While Galvin the private citizen opposes BC’s plans on personal grounds, an office that he oversees, the Massachusetts Historical Commission, could very publicly make the school miserable. If, that is, someone atop the historical commission were so inclined. (Ever shrewd, Galvin declined to comment for this story.)

What the commission has already done is issue a five-page letter decrying BC’s plans and warning that new construction—especially dorms—would ruin the surrounding historic neighborhood, implying, in effect, that BC couldn’t do more harm if it were to torch all of Lake Street. Most notably, however, it raised the cause of one Cardinal O’Connell, whose remains lie uncomfortably close to the planned parking garage’s footprint.

In 1928, a year after moving to the seminary, O’Connell allegedly oversaw the disinterment of at least one Sulpician priest who’d been buried on the grounds. The "allegedly" is key—since if it didn’t actually happen, then there are Sulpician bodies still stuffed into unmarked graves on BC’s new land. Sulpician bodies stuffed into unmarked graves would fall under the historical commission’s purview. And that would make BC’s new buildings harder to build. James O’Toole, O’Connell’s biographer, says there’s "a strong oral tradition among the Boston clergy" that more than one Sulpician was buried on the site, though he’s "virtually certain" that none remain today. The archdiocese doesn’t have history on its side, though: In 2006, construction workers in Roxbury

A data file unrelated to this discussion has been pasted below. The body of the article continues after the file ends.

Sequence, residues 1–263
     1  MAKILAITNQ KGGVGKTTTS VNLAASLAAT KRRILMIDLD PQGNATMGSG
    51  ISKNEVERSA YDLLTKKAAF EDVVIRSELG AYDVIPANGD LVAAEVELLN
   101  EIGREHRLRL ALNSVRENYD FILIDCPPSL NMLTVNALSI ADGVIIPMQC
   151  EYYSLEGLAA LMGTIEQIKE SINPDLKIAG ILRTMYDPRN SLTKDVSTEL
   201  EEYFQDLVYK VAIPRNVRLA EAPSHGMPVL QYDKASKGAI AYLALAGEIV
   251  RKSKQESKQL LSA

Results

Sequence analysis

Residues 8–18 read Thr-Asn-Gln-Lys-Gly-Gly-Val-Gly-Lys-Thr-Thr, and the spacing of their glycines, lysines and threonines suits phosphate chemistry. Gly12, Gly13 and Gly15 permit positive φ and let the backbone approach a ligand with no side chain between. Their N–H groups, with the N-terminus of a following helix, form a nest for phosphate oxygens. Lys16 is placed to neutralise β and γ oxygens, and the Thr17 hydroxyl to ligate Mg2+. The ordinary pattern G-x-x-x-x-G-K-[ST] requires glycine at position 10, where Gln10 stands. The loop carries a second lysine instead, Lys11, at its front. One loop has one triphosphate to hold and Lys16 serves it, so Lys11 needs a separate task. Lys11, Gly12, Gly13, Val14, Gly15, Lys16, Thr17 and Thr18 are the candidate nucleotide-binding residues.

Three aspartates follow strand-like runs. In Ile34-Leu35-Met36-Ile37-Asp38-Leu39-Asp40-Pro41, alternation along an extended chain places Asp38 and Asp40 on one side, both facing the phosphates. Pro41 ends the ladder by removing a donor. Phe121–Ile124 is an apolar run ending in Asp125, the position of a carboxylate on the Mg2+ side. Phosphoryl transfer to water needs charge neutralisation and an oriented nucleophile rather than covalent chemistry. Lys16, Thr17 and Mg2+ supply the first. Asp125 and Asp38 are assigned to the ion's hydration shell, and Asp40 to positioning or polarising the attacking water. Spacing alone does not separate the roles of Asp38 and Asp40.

discovered the corpses of 600 unidentified people on the grounds of a demolished church.

Galvin—or his office’s—interest in these unmarked graves, however legitimate, could do more than wreak havoc on BC’s construction schedule. It could stop it entirely. The college will likely try to tap some form of public funds in its quest to build out the chancery grounds, and if it does, that will give the historical commission a) statutory oversight, and b) standing in court. This means Galvin can reserve the right to sue BC, something no one, in particular his enraged neighbors, has been able to do. Strategically, he’d have good reason to. He and everyone else know BC doesn’t need another drawn-out court battle: A dozen years ago, BC fought with the city of Newton over a student center the school wanted to build. In 2003, BC finally won a favorable ruling from the Massachusetts Supreme Judicial Court, but by then it had abandoned the project. The lesson: You don’t need to beat Boston College. You just need to outlast it.

Boston College was also looking to expand a century ago. The school, then in the South End, was confined to a single city block, and as the surrounding neighborhood gained population, that density cut off any future growth for BC. So, in 1907, with encour
agement and aid from Cardinal O’Connell (an 1881 BC graduate), it packed up and moved to what was then farmland in Chestnut Hill. Today, of course, the school is accused of carrying the same imperial air that brought it west and made O’Connell famous. The difference is that this time BC doesn’t have the cardinal on its side. By conscripting his bones into the fight, Galvin’s historic commission may have at last found the lever that can thwart the school.

O’Connell, we can safely guess, would like that ending. Because while bad for BC, it would also mean that, from his perch high atop that hill, looking down on us all, the cardinal still runs this town.